Her touch on the back of his hand startled him but his hand remained on the table between them. “Thank you,” she replied warmly.

“Of course.”

Companionable silence drifted between them like the stars outside. “If you like,” he ventured as she finished her tea, “I was about to take a walk in the holodeck. I can promise you something more pastoral than Colonel Sheppard’s program.”

Standing up, she smiled openly. “Perhaps you would show me your world?”

Getting to his feet at her side, Picard finished the last of his tea and offered his arm. “I have an adequate representation of La Barre I can show you. It’s lovely in late summer.”

Walking with him through the corridors, Teyla followed him into the turbolift and listened to him request their destination from the computer. “Will you be able to rescue your crew from our reality?” she wondered as the lift hummed.

“We believe so,” he replied confidently. Teyla saw in his eyes that he wasn’t as sure as his voice suggested, but his poise radiated from him like a palpable thing. There was something else she couldn’t reach, a feeling that hid behind his control like a deer in the deep woods. “Data and Geordi are working on an experiment to duplicate the intersection of our realities with one of the ship’s probes.”

Teyla watched the crew walking past them in the corridor as he tapped the lights behind the black glass that controlled the computer. “Whom of your crew is in my reality?”

The computer announced the program was ready. Teyla repressed the urge to thank the female voice. She had not seen anyone else do so. Picard hesitated outside of the double grey door and the deer was visible for a moment. Beckoning her to the door, he waved it open. The door hissed and opened onto a world of green and gold. “Will Riker, my first officer. Deanna Troi, our ship’s counselor and Beverly Crusher, our chief medical officer.”

Teyla could smell flowers blooming. Their pollen carried on the wind that stirred her hair. The deck beneath her feet gave way to soft earth and grasses. The sun was even warm and gentle on her face. The flash of emotion came with the last name, Teyla was sure of it now. She would never understand why these humans, like the humans of Atlantis, seemed to intent on denying themselves what was most important.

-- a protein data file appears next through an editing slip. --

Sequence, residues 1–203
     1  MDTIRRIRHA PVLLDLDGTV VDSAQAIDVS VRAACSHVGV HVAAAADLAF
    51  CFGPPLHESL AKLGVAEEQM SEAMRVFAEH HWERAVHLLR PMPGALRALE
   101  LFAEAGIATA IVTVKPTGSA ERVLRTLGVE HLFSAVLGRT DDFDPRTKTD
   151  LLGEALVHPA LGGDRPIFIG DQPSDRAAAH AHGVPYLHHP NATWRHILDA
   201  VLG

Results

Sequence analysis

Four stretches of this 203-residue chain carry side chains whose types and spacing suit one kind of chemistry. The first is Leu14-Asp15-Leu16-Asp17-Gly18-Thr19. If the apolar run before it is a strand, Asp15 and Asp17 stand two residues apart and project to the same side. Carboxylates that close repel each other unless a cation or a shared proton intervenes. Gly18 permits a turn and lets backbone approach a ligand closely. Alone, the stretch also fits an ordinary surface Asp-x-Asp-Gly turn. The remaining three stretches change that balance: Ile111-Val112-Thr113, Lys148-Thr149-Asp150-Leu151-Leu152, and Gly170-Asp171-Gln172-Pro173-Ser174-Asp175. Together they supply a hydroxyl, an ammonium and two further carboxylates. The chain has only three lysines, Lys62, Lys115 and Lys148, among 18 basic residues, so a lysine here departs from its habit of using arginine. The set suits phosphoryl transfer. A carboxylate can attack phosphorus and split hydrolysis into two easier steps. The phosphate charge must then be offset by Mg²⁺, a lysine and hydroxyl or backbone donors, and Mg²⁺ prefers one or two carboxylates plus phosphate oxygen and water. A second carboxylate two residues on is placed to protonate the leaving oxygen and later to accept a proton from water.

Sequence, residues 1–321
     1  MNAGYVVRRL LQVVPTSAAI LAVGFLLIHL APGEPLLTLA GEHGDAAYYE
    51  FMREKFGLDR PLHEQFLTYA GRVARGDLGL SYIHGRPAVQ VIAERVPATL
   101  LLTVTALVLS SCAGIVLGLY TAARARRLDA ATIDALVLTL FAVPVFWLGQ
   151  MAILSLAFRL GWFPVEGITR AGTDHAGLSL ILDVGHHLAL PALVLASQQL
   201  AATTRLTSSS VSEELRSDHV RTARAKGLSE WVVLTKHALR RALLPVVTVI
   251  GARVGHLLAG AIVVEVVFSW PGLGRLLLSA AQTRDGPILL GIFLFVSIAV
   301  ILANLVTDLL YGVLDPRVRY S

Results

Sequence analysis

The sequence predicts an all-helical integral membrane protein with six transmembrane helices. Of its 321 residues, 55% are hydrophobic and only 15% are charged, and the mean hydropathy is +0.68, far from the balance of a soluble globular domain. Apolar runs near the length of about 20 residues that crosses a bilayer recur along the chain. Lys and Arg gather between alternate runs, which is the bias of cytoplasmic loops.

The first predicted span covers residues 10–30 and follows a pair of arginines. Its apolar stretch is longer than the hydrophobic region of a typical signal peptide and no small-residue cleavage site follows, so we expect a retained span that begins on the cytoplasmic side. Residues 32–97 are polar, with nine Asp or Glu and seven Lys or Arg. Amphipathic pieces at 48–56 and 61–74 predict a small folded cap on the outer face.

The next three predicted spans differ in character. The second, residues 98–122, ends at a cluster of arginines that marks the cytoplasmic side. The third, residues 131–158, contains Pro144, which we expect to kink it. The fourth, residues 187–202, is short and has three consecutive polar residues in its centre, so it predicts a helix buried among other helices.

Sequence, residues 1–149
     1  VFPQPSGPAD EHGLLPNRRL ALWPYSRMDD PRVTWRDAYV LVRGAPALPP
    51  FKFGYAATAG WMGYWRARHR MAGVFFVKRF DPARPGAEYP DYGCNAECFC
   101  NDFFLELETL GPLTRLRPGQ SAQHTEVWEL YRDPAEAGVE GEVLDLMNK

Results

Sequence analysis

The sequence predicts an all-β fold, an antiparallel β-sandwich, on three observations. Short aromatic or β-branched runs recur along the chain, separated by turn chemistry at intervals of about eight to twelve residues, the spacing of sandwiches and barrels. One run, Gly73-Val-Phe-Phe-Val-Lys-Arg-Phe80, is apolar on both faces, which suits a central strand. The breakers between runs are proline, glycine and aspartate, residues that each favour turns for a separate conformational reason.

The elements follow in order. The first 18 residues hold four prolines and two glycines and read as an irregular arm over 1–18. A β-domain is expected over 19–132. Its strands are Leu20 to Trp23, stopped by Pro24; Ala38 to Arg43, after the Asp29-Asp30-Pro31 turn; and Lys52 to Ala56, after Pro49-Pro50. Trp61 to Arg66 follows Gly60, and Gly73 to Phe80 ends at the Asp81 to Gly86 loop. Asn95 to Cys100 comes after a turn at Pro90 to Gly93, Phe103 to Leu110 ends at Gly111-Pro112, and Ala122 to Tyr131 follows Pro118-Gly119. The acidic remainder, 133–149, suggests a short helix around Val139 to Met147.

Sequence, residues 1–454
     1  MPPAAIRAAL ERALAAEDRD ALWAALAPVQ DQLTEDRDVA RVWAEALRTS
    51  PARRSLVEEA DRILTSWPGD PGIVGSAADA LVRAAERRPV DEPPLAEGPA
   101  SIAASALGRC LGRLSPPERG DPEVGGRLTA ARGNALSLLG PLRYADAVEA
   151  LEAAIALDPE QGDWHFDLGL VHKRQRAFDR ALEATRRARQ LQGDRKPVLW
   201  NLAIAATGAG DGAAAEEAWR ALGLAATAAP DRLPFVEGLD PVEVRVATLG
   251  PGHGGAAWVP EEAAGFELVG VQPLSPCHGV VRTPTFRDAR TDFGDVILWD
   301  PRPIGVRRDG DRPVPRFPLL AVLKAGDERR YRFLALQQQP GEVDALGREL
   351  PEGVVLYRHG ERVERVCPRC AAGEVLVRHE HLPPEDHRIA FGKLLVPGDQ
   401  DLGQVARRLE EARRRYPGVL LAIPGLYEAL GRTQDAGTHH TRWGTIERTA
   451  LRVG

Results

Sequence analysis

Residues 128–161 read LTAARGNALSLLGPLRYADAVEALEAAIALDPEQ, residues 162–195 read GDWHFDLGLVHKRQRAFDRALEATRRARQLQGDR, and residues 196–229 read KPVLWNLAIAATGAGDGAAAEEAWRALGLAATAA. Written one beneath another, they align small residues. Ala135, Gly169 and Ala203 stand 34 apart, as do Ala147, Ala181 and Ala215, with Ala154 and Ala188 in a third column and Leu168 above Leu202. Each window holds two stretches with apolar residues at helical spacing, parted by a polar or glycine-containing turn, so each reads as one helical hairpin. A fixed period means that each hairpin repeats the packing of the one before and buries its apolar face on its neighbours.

Vines stretched out before them, lining a path that wound up a hill towards more green trees and an arch covered in white flowers. It truly was an idyllic world from which he apologetically had come.

Resting his hand on the vine, Picard let his fingers find a ripening bunch of tiny green grapes. “When I was a child I would run up and down these vines, toy starship in hand, imagining a world hundreds of light years away full of untold dangers and excitement.” Looking up at the sky before he looked back at her, his expression grew contrite. “I’m afraid the opposite is now true.”

Closing her eyes, Teyla let the smell of sun-warmed earth sink into her soul. “If I had this beauty in my memory, I would retreat to it as well.”

The steady cramping from overuse ran up her wrists in a plague of dull pain. Rubbing her hands and then bending her fingers back the wrong way she tried to shake feeling back into the tips. Her right hand was worse, the numbing pain ran up her wrist towards her elbow. Digging her thumb into the ligament helped somewhat, but the delicate structure of her hand needed rest.

“No more emergency surgeries for awhile,” she murmured to herself. Dr Beckett, Carson as he had asked her to call him, had given her another outfit. Black trousers and a simple black t-shirt to replace the bloody one she’d left to the laundry steward. Dr Weir had given them all quarters, small rooms next to each other and two of her security personnel. The security personnel were discreet but Beverly had been on enough missions to know better.

The medical technologies she was using were an odd mix between antiquated and the impressive. The scanners were nearly as good as her own on the Enterprise but Carson still used a metal scalpel, opiate based anesthetics and primitive metal and plastic life support systems. He’d been right when he’d thanked her for saving Lieutenant Richter, the bullets in her lungs and the damage to her heart would have been beyond his ability to repair. Shuddering slightly as she tried to imagine a life with those technologies, Beverly heard her grandmother’s voice reminding her to make do. She

Will and Deanna would start discussing the possibility that they were trapped. It wouldn’t be long before one of them would broach the subject with her. She’d been trying to decide would they would think best suited to break the news gently. Her money was on Will. Deanna would be too gentle and she would be too harsh. Will would withstand her biting sarcasm and refusal to accept her situation better and Deanna would know that.

Pinching the bridge of her nose and running her hand up towards her eyebrows was a foolish attempt to hold off her headache. Was Wesley studying as much as he should? He was so close to the Academy his studies were more important than ever. Would he worry about her? Geordi and Jean-Luc would look out for him, remind him to keep current with his work. Who would guide him through dating? Who would remind him to keep up with haircuts and that there was more to life than his books when he studied too had?